GEORGETOWN, Maine — The Maine Department of Agriculture, Conservation & Forestry’s veteran soils scientist David Rocque is planning a soils and natural resources workshop at Reid State Park on Wednesday September 4, 2019.
Rocque says he is “assembling an all-star team of experts” to classify any new soil pits excavated for the workshop. Agency staff from the U.S. Army Corps of Engineers, Maine Department of Environmental Protection, Land Use Planning Commission, and Department of Health & Human Services will discuss their field interpretations with workshop participants.
The workshop will include soil pit evaluations for septic systems suitability, soil series determinations, hydric soil determinations and, new this year, Ksat (saturated hydraulic conductivity) determinations for Hydrologic Soil Group assignments. Also included will be vernal pool evaluations, wetland determinations including fresh and saltwater, vegetated buffer storm water treatment evaluations, stream determinations and where to begin measuring for setbacks in the shoreland zone. There will also be soil pits in a back-sand dune to illustrate the challenges of making hydric soil determinations in sandy soils.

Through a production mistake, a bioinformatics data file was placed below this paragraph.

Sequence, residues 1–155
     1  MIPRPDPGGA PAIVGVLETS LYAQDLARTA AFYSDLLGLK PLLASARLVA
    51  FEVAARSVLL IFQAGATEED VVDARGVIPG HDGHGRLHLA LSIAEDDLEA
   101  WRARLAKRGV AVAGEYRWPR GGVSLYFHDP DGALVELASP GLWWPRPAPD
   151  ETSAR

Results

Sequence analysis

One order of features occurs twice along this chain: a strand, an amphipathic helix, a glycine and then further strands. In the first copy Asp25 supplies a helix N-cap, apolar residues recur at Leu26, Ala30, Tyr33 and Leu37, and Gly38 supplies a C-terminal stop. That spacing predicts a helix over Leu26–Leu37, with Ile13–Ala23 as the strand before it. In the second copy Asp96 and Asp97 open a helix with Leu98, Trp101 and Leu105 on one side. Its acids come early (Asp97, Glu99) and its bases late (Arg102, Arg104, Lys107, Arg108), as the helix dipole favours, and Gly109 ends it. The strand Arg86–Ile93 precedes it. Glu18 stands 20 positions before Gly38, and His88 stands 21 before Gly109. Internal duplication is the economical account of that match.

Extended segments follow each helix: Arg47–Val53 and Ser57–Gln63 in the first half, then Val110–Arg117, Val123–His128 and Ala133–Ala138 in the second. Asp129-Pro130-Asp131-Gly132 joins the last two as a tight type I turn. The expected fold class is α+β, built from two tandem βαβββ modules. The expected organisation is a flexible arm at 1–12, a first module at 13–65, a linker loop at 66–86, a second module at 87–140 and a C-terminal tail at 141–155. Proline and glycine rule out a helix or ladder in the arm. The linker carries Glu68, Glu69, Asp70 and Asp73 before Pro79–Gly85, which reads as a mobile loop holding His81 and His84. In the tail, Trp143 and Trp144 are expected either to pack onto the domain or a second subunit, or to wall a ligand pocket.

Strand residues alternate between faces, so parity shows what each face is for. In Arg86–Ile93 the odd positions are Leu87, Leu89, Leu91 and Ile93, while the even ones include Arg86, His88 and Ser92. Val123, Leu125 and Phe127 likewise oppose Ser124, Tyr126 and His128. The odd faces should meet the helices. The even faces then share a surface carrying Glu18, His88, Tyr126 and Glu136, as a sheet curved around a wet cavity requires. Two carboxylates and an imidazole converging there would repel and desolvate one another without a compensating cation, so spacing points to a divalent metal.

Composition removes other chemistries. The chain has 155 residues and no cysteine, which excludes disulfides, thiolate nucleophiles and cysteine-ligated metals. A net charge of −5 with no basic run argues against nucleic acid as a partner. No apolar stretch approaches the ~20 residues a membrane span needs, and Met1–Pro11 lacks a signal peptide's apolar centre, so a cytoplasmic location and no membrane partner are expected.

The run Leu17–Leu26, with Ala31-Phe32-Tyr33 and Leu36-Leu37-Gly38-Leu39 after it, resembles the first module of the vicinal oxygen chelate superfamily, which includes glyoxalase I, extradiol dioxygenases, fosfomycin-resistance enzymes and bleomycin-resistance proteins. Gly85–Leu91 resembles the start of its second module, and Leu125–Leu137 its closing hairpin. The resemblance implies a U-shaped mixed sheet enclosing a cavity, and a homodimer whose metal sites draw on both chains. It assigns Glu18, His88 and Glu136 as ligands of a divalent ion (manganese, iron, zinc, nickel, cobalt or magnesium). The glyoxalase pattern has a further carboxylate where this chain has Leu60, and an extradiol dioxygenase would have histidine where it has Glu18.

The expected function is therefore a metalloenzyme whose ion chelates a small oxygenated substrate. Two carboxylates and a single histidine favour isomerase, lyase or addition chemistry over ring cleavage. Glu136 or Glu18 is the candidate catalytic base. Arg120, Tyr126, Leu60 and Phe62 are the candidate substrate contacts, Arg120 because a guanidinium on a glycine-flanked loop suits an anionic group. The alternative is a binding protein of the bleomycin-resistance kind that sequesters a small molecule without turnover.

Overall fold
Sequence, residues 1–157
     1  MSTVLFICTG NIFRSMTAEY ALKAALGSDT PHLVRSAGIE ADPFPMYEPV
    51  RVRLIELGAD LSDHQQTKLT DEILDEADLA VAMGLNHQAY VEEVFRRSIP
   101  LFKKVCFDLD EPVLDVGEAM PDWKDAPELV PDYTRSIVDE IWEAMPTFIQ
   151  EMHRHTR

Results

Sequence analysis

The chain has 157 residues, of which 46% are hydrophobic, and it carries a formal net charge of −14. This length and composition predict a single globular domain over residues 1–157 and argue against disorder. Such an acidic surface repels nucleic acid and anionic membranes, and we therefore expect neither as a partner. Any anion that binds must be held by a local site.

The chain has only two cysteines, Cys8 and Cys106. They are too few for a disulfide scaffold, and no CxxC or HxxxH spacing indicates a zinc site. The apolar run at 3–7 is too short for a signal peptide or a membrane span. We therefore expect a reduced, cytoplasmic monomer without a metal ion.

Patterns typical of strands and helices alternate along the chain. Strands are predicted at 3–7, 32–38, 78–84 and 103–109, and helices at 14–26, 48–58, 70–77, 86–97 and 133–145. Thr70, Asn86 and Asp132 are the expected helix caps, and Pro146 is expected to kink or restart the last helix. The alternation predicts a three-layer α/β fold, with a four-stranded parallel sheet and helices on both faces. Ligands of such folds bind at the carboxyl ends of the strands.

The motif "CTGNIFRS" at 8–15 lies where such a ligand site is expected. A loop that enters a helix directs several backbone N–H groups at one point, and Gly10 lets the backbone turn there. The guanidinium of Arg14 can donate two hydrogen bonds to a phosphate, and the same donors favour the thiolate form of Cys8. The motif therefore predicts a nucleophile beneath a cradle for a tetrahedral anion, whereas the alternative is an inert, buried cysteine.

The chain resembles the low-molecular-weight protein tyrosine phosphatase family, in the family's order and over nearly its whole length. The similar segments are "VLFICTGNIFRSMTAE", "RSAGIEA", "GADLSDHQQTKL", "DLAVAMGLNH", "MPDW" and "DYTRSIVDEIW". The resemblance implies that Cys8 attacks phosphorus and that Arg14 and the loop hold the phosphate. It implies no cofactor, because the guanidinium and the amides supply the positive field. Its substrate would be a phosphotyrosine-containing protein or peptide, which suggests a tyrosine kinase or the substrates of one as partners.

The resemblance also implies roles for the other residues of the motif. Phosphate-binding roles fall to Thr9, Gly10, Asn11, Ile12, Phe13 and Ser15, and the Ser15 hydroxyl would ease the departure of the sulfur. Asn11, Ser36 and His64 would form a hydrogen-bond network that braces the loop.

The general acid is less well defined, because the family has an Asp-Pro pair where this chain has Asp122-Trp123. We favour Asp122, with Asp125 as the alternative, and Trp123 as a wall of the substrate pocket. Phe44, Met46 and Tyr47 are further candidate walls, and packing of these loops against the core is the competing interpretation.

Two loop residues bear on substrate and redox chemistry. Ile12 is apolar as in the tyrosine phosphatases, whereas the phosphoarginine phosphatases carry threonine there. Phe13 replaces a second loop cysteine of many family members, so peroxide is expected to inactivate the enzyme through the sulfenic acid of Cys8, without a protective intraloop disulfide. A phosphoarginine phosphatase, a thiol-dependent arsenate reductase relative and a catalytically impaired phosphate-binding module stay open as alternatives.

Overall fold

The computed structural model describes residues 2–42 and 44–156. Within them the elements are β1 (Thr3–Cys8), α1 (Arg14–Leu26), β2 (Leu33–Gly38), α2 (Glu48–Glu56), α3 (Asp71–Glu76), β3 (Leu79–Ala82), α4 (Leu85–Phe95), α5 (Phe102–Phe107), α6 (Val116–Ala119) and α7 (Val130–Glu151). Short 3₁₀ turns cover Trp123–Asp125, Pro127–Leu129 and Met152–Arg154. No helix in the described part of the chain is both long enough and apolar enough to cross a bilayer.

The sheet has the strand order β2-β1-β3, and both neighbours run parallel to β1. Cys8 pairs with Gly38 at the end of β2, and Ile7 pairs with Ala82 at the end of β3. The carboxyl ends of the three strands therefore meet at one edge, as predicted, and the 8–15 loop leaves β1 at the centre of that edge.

Rocque has previously held workshops at Reid State Park in 2007 and 2008, and says, “I think it will be interesting to revisit some of the sites used 10 years ago, to see if there have been any changes in interpretations. I believed that one of the sites had oxygenated groundwater, accounting for the lack of redoximorphic features, even though most of the soil pits in the transect had a groundwater table at or near the surface most of the year. Shortly after the last workshop, I installed Iris Tubes by the soil pits to make a more positive determination and the tubes are still there for you to see the result.”
Registration details can be obtained at the MAPSS website http://www.mapss.org/
The workshop is being sponsored by Maine Association of Professional Soils Scientists (MAPSS), the Maine Association of Site Evaluators (MASE) and the Maine Association of Wetlands Scientists (MAWS).
–Maine Department of Agriculture, Conservation & Forestry
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